In southern Vietnam, these rolls are called gỏi cuốn, meaning salad rolls. While in northern Vietnam, these rolls are called nem cuốn, meaning nem rolls. Central Vietnam, they are simply called “rice paper” rolls. In the West, these rolls are called by several different English names, including “salad roll”, “spring roll” and “summer roll.” Sometimes the word “Vietnamese” is added at the beginning of these words; for example, in Hong Kong, they are called “Vietnamese rolls”.
Australia and the United States they may be called “Vietnamese spring rolls”. Although specifically in Australia they may sometimes be referred to as “cold rolls”. Some Asian restaurants in the United States also refer to them as “crystal rolls”, “soft rolls” or “salad rolls”. The name “summer roll” was popularized by some Vietnamese American restaurants for easier marketing and as a seasonal play on the term “spring roll”. But many Vietnamese American restaurants still use “spring roll” as the English translation.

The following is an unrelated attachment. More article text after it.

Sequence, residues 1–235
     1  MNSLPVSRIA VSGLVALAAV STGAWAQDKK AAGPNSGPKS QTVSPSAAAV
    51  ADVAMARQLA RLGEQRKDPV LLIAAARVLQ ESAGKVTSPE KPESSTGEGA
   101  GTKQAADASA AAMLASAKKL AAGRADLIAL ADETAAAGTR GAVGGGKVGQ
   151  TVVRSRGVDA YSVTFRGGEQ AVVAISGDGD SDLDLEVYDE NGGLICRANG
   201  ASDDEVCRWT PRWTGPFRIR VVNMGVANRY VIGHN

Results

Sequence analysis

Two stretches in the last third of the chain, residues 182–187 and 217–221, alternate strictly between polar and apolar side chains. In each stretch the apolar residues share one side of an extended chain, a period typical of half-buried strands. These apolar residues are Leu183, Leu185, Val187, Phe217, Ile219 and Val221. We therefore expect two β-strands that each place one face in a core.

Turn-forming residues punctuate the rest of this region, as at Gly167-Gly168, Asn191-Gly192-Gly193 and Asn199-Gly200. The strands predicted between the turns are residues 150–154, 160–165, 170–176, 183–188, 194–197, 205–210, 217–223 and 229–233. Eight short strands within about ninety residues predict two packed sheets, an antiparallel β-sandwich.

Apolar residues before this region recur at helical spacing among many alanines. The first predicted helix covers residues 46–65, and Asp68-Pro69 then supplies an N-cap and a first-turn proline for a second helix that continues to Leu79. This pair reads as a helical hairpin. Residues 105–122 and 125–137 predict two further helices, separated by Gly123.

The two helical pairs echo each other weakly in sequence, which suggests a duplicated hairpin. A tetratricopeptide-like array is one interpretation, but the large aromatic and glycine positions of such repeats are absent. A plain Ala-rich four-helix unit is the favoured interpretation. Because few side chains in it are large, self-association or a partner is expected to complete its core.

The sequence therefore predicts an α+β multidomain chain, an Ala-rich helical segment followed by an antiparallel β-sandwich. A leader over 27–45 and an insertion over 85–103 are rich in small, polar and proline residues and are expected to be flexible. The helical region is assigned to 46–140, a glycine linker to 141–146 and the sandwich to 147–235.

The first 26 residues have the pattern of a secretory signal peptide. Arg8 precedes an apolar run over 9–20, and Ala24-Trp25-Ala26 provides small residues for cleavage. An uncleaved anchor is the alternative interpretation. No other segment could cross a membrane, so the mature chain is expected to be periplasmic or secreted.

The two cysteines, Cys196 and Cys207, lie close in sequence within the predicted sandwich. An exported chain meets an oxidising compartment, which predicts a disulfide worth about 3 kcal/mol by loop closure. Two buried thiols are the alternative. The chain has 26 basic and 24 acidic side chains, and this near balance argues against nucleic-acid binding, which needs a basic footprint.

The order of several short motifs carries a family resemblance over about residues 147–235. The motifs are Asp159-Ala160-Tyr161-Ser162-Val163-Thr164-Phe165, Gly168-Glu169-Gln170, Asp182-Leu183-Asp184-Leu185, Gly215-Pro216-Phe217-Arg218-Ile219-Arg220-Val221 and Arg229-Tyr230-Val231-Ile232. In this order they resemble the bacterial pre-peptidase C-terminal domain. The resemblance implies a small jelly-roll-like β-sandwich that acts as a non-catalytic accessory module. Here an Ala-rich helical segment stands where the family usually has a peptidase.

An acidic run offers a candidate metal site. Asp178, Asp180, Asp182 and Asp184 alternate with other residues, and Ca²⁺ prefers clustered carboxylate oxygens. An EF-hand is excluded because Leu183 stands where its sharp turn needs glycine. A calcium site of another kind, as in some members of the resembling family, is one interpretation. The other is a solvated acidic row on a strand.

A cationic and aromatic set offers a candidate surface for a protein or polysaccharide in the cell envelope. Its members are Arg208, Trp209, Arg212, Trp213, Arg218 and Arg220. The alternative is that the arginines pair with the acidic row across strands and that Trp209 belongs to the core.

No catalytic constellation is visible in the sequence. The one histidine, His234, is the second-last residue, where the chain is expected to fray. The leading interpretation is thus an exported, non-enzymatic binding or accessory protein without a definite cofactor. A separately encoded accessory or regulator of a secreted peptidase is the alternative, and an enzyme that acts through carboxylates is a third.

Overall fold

Fresh rolls are easily distinguished from similar rolls by the fact that they are not fried. The ingredients used are different from (deep-fried) Vietnamese egg rolls. In Cambodia, Vietnamese gỏi cuốn are called nime chao, meaning “raw rice paper”. They are produced by a different technique in the Siem Reap and Battambang areas from that in Vietnam. Another dish called kuy tieu kat (“cut rice noodles”) is created from steaming the water mixture and adding meat, vegetables and other assorted condiments. In Japan, they are called nama harumaki (生春巻き, “raw spring rolls”), and are typically filled with shrimp.
More info: Fresh Spring roll = Salad Rolls